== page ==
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The intracellular bacterial pathogen Listeria monocytogenes secretes a broad-range phospholipase C enzyme called PC-PLC (phosphatidylcholine phospholipase C) whose compartmentalization and enzymatic activity is regulated by a 24-amino-acid propeptide (Cys28–Ser51). During intracytosolic multiplication, bacteria accumulate the proform of PC-PLC at their membrane–cell-wall interface, whereas during cell-to-cell spread vacuolar acidification leads to maturation and rapid translocation of PC-PLC across the cell wall in a manner that is dependent on Mpl, the metalloprotease of Listeria. In the present study, we generated a series of propeptide mutants to determine the minimal requirement to prevent PC-PLC enzymatic activity and to identify residues regulating compartmentalization and maturation. We found that a single residue at position P1 (Ser51) of the cleavage site is sufficient to prevent enzymatic activity, which is consistent with P1′ (Trp52) being located within the active-site pocket. We observed that mutants with deletions at the N-terminus, but not the C-terminus, of the propeptide are translocated across the cell wall more effectively than wild-type PC-PLC at a physiological pH, and that individual amino acid residues within the N-terminus influence Mpl-mediated maturation of PC-PLC at acidic pH. However, deletion of more than 75% of the propeptide was required to completely prevent Mpl-mediated maturation of PC-PLC. These results indicate that the N-terminus of the propeptide regulates PC-PLC compartmentalization and that specific residues within the N-terminus influence the ability of Mpl to mediate PC-PLC maturation, although a six-residue propeptide is sufficient for Mpl to mediate PC-PLC maturation.
Listeria monocytogenes is the aetiological agent of listeriosis, a foodborne disease primarily affecting humans and ruminants [1,2]. As a foodborne pathogen, L. monocytogenes initially invades through the intestinal epithelium and Peyer's patches, potentially causing a transient febrile gastroenteritis. Bacteria then translocate to the liver and multiply, primarily in hepatocytes, causing a subclinical hepatitis. For most individuals, the infection is abrogated at this stage. If the immune system fails to control bacterial growth, a more invasive infection will develop within 3–4 weeks of infection. At that point, human listeriosis will manifest itself primarily as a meningoencephalitis or it will cause abortion in pregnant women.
During infection, L. monocytogenes is found in professional and non-professional phagocytic cells [3–5]. Although neutrophils and activated macrophages are very efficient at controlling infection, L. monocytogenes is capable of multiplying in non-activated macrophages, as well as in intestinal epithelial cells, hepatocytes and trophoblasts. The intracellular life cycle of L. monocytogenes involves bacterium-mediated lysis of vacuoles, growth in the host cytosol and an actin-based mechanism of motility that enables bacteria to move from cell to cell without exiting the intracellular milieu . Remarkably, L. monocytogenes can grow to a high density in cells with very low cytotoxic effects, indicating that it tightly regulates the activity of its membrane-damaging factors.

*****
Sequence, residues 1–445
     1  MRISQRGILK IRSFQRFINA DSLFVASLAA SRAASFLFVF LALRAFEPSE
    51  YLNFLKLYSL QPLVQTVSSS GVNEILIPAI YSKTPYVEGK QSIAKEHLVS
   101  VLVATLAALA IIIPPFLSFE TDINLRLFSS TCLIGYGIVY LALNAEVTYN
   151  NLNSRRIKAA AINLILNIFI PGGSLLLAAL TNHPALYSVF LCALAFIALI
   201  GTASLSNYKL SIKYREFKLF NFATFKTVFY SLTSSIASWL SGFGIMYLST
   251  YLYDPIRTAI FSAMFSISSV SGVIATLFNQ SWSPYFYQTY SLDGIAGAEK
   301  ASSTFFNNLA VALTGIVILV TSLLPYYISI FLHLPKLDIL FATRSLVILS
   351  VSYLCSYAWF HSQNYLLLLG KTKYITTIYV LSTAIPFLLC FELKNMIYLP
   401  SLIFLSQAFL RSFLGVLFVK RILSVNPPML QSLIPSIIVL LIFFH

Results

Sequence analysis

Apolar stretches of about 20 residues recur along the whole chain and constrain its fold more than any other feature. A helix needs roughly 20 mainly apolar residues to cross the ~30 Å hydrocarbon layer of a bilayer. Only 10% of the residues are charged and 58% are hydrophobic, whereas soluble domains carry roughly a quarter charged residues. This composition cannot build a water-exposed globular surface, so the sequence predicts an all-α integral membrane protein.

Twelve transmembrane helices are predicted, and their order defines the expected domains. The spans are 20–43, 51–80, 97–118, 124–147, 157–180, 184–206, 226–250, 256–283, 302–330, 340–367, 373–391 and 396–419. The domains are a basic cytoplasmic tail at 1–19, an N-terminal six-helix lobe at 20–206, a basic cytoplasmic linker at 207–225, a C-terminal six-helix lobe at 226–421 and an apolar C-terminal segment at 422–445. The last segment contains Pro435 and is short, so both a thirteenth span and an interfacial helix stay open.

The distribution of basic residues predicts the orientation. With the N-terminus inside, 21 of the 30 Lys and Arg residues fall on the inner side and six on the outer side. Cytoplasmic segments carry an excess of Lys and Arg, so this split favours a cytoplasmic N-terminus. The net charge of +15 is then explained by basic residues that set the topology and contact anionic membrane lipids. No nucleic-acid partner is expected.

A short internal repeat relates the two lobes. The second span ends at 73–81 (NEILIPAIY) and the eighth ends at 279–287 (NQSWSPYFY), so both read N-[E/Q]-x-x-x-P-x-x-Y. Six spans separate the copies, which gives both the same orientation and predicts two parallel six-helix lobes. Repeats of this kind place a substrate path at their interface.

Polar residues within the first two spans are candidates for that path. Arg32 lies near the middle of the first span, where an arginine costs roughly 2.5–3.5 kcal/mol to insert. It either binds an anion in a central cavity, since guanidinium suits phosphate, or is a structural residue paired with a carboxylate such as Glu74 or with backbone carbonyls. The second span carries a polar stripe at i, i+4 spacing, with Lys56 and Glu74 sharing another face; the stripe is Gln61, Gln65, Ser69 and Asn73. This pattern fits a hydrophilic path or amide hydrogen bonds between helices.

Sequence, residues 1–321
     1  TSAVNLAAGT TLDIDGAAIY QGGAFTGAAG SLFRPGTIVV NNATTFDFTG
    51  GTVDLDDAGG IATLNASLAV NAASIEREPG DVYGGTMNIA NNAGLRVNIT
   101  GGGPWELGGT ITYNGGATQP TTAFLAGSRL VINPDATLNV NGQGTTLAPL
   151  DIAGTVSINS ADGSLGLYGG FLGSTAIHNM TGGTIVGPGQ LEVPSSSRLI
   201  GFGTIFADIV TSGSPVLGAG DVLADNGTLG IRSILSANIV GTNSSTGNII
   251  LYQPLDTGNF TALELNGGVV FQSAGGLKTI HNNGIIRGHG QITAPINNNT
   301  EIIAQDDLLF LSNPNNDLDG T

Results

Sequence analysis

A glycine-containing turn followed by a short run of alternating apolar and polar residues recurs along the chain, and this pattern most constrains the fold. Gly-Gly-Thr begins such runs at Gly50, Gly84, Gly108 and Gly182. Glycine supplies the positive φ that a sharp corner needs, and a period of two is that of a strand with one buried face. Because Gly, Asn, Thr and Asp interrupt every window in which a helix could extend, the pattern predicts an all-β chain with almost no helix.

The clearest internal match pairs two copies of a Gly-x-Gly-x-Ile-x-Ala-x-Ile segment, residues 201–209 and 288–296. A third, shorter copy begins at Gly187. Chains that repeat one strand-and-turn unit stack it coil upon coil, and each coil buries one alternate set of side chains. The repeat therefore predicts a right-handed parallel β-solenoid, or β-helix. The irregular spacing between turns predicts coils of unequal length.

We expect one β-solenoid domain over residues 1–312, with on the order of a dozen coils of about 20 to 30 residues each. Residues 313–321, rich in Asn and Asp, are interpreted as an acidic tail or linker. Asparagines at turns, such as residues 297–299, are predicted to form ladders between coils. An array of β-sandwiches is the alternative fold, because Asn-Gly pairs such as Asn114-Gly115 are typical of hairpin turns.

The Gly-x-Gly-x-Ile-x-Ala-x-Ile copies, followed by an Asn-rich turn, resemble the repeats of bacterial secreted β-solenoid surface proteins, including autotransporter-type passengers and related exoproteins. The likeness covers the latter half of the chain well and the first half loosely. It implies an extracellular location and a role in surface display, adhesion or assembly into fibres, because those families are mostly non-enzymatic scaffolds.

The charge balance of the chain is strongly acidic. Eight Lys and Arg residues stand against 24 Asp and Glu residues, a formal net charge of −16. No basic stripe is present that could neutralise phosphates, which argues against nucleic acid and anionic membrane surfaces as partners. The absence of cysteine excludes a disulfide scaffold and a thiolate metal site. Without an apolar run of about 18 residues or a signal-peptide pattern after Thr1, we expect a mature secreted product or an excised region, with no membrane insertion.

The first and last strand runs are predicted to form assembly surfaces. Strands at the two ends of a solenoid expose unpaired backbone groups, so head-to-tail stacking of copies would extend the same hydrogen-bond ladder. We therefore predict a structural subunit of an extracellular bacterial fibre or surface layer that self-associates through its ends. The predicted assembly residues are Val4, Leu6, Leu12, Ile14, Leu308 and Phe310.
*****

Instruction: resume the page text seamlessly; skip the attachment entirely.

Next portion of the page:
Among the factors responsible for lysing vacuoles is a broad-range phospholipase C called PC-PLC (phosphatidylcholine phospholipase C) . PC-PLC is made as a proenzyme with a 24-amino-acid residue propeptide, whose proteolytic cleavage is mediated by Mpl, the metalloprotease of Listeria [8,9]. The propeptide of PC-PLC assumes at least two functions. First, it inhibits enzyme activity as determined by the requirement for propeptide cleavage to generate an active enzyme . Secondly, it influences the compartmentalization of the enzyme. During intracellular infection, the proform of PC-PLC is secreted into the cytosol of the host cell . Nonetheless, the rate of translocation of the proform of PC-PLC across the bacterial cell wall is slower than the rate of secretion across the cytoplasmic membrane resulting in the accumulation of a protein pool at the membrane–cell-wall interface [11,12]. Rapid translocation of bacterium-associated PC-PLC occurs in vacuoles formed upon cell-to-cell spread and is dependent on a decrease in pH. Acidic pH-mediated translocation of PC-PLC across the bacterium cell wall is associated with cleavage of the propeptide in an Mpl-dependent manner. In the absence of Mpl, the pool of bacterium-associated PC-PLC does not respond to a decrease in pH; however, a PC-PLC mutant that is synthesized in absence of its propeptide (plcB Δpro) translocates efficiently across the cell wall in an Mpl- and pH-independent manner . These observations suggested that the propeptide defines the localization of PC-PLC. However, studies with a PC-PLC cleavage-site mutant showed that cleavage of the propeptide is not necessary for rapid translocation of PC-PLC across the cell wall in response to a decrease in pH, although Mpl is required . Therefore Mpl regulates the compartmentalization of PC-PLC by two independent means, both of which are pH-regulated: it mediates (i) the rapid translocation of PC-PLC across the cell wall; and (ii) the maturation of PC-PLC. Both functions of Mpl are dependent on the PC-PLC propeptide.